On Mon, Dec 18, 2006 at 12:02:35PM +0000, Blair Sutton wrote:
: Dear all
: I hope I am sending this to the correct place.
: I regularly use the RAII idiom in Perl 5 and C++ to automatically clean 
: up resources during object destruction.
: I recently read a mail thread "Is RAII possible in Python?" at 
: http://www.thescripts.com/forum/thread25072.html and "Perl vs Python - 
: GC and Reference Counting" at 
: http://discuss.joelonsoftware.com/default.asp?joel.3.323675.32.
: The above threads suggests that Python cannot do RAII since its garbage 
: collection does not offer deterministic finalization. I understand that 
: Parrot will not use reference counting for garbage collection and so may 
: suffer from the same problem. Are my fears warranted?

Short answer: absolutely.

Long answer: emphatically not.  I believe you have a bit of an XY
problem here.  You're wanting transactional security and timely
destruction but have predisposed yourself not to accept them unless
they happen to look like deterministic reference counting.  Perl 6
offers the former without offering you the latter, because Perl 6 must
run on a variety of platforms that may or may not support deterministic
reference counting semantics easily.  Perl 6 is a language, not an
implementation.  As such, it officially Doesn't Care what Parrot does
about GC under the hood.

But the problem goes much deeper than that, and has to do with
the necessary virtualization of time as we scale things up and
distribute responsibility for them.  In this day of multiple,
distributed processing units of uncertain proximity, it's going
to get harder and harder to say what a deterministic reference is.
What if a bit your program is running on a different processor and it
goes down?  You can't know that till the next GC run at the appropriate
granularity fails to sync with the down processor.  A GC solution can
finesse around such problems, up to a point, whereas a deterministic
solution really has only one approach.  In the larger and wider scale
of things, you can't know whether a reference is valid till you try
it--see the Web for an example.  The web would never have take off with
perfect accountability.  (That's why Xanadu didn't work, basically.)

All of computing is getting more like that.

For instance, people are now finding that deterministic locking
solutions don't scale up either.  STM (software transactional memory)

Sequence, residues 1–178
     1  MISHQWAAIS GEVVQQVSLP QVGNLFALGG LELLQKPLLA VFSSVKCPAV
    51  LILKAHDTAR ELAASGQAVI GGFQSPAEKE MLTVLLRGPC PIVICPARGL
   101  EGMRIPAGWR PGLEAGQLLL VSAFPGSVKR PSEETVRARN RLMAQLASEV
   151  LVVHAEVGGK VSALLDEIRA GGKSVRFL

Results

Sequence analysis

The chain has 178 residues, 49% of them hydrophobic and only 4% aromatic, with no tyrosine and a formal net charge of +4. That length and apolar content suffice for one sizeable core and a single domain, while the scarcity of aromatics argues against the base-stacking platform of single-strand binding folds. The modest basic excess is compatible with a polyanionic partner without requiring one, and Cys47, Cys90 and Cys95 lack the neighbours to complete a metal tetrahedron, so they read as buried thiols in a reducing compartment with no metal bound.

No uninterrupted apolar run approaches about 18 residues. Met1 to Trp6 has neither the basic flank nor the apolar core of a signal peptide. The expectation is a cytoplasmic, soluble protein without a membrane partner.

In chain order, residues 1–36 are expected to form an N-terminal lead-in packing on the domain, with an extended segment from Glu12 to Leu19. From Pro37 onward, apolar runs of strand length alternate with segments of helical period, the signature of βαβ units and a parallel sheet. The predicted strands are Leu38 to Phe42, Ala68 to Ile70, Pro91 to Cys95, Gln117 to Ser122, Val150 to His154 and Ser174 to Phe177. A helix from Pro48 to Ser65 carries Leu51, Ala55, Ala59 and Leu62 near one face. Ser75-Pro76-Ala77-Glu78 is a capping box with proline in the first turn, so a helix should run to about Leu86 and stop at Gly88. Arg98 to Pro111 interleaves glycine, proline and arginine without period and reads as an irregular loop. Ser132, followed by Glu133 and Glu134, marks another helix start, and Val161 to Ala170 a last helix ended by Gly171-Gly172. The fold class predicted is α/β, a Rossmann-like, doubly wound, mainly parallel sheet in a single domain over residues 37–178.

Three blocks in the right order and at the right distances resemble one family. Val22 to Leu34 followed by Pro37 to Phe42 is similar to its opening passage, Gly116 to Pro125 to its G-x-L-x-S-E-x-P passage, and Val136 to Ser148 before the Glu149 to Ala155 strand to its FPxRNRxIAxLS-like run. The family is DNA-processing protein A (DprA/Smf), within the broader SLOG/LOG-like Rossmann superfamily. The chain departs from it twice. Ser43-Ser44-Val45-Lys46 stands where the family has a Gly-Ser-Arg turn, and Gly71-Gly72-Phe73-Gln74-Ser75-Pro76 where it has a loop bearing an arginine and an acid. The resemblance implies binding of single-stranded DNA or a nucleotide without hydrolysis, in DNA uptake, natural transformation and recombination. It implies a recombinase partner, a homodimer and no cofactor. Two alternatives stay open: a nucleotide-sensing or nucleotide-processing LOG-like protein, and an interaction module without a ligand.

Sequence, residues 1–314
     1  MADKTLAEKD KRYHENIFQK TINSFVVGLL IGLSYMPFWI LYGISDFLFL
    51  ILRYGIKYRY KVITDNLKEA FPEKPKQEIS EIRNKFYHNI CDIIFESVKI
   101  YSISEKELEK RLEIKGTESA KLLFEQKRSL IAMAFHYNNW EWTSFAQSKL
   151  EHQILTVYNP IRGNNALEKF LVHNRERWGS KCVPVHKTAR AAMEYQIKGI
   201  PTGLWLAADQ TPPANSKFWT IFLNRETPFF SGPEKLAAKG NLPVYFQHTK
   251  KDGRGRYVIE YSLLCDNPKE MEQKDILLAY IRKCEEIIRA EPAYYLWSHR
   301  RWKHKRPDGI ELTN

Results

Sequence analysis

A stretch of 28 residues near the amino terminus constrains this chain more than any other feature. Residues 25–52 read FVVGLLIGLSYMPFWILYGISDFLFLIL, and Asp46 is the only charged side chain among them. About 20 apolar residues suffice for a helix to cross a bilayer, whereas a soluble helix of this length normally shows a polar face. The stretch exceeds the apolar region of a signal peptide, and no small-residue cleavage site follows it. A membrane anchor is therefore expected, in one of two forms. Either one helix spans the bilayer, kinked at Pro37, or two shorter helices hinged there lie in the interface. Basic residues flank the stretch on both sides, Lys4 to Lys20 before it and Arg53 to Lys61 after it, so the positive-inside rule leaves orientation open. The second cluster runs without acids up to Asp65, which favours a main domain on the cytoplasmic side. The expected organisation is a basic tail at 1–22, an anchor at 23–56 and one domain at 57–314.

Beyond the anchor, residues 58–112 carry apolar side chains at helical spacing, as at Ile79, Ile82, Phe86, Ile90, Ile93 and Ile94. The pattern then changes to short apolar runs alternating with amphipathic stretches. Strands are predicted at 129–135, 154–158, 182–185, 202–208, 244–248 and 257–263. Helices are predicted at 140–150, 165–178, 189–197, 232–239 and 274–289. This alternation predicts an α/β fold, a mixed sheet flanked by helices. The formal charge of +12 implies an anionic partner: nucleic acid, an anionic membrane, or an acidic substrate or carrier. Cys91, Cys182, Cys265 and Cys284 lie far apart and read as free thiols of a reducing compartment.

seems to be a way to get around that, and that's partly because a
transactional memory manager can virtualize time much like a garbage
collector can defer decisions it isn't sure of.  Two transactions
can be in conflict in real time, which would prevent at least one
of them from happening under deterministic locking.  But an STM
manager can decide the fate of the transactions based *only* on the
data dependencies, ignoring the bogus realtime dependency, and maybe
decide to allow both transactions if a consistent state is maintained.

In short, programs written in languages that require unnecessary
determinism will not escape the von Neumann bottleneck as easily
as programs written in languages that do not.  Determinism is fine
when you need it, and a good language will provide adequate ways to
express that when you do need it.  (Perl 6 provides several ways that
are much handier than try/finally, and just about as handy as RAII.)
But baking such handicaps into every object merely guarantees it
will not scale well in the real world.  The real world itself avoids
computing deterministically most of the time!  And if anything could
manage determinism, it'd probably be the real world!  Languages that
require determinism will scale only up only when the entire world is
running one huge completely entangled quantum computer.  Determinism
is not interoperable.

Anyway, that's the trend I see.  And that's why Perl 6 has lots of
ways to promise you Don't Care about various dependencies, but Do Care
about others.  That's why Perl 6 has pipes and lazy lists, junctions
and hyperoperators, contend and defer.  These are for building scalable
solutions to run on cell processors and GPUs and clusters of servers
and corporate intranets.  And maybe even trigger a Singularity or two.  :-)


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